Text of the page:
Time outdoors in nature supports human health and wellbeing in a variety of different ways ranging from the physiological, through to the emotional, psychological and spiritual. Time outdoors has been shown to boost our immune system, regulate our sympathetic nervous system (responsible for stress and rest), increase positive emotion and the production of hormones such as dopamine and oxytocin, lower bloody pressure and sugar levels…all sorts!
My particular interest is in human connectedness to nature and how a meaningful connection can support long-term feelings of wellbeing and fulfilment in life. It has now been shown in research that it is meaningful experiences and encounters with nature rather than ‘contact’ alone, that improves mental wellbeing in the long-term, and is a predictor of lower levels of depression. That is, it doesn’t matter so much how many times you go outdoors, but what you do and how you feel when you’re there. This is where adventure comes in! It’s a great way of building a connection with the natural world through rich experience, whilst also supporting other areas of our wellbeing such as confidence building, resilience and problem-solving.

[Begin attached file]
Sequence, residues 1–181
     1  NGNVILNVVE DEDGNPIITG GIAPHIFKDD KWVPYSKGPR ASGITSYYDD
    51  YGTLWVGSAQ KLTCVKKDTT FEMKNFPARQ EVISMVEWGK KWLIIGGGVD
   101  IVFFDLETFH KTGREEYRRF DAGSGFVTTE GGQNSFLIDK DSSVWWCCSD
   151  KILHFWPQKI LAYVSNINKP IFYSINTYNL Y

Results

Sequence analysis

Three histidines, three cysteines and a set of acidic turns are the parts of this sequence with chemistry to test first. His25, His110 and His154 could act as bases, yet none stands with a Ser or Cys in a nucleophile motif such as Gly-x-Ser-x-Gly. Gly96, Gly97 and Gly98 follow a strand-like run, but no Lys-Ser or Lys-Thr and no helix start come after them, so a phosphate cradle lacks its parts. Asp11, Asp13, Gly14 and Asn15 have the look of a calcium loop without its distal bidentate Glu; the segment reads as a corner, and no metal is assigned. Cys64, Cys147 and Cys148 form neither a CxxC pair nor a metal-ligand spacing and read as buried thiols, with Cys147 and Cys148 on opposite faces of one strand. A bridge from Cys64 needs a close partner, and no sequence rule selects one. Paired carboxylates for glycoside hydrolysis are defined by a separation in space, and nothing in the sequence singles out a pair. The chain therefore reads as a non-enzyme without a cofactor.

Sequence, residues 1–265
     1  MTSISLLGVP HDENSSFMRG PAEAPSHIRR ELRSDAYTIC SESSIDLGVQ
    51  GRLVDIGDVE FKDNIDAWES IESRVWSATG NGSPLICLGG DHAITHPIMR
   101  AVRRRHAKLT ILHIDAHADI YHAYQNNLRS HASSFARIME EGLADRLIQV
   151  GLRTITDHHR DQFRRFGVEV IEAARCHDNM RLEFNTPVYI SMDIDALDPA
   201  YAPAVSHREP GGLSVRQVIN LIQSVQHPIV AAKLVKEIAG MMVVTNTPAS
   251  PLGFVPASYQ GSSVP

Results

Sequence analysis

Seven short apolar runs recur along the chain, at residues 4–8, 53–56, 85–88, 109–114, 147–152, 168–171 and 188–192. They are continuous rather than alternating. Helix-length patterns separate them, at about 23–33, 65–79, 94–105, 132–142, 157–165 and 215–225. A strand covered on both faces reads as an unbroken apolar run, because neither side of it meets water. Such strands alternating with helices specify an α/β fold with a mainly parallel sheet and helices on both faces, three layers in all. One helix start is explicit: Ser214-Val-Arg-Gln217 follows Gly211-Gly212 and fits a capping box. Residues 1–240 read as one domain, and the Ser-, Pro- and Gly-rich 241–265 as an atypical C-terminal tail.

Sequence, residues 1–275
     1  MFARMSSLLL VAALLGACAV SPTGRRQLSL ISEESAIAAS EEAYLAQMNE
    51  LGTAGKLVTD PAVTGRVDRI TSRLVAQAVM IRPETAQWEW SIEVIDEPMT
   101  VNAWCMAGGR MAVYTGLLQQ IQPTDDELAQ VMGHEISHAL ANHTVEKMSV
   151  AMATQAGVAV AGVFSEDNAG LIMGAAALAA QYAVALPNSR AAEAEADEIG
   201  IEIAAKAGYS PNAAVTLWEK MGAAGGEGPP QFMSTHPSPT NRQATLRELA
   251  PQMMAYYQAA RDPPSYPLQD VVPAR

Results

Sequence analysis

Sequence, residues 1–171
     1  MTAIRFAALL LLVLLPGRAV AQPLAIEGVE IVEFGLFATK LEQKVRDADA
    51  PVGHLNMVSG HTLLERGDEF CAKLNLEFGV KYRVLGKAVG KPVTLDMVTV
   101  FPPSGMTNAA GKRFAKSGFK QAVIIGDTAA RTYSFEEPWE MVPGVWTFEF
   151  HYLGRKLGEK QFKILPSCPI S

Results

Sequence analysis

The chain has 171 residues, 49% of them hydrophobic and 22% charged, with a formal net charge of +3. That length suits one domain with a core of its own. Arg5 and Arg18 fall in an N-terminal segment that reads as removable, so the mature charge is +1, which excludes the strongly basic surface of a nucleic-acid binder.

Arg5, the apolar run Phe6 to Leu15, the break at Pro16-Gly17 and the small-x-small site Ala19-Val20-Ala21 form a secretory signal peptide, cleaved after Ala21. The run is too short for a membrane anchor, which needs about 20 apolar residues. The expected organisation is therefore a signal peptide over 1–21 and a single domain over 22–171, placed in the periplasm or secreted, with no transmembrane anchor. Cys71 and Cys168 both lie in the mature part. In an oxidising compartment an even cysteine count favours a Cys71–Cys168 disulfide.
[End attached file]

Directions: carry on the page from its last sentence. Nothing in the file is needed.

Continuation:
Adventures opens us up to peak experiences and feelings of awe and wonder; all important factors in feeling that we are living a fulfilling and meaningful life. One of the most exciting aspects of nature connection research for me, is that people who love nature and feel a bond with it, are more likely to value it and care for it thus helping the wellbeing of the planet too.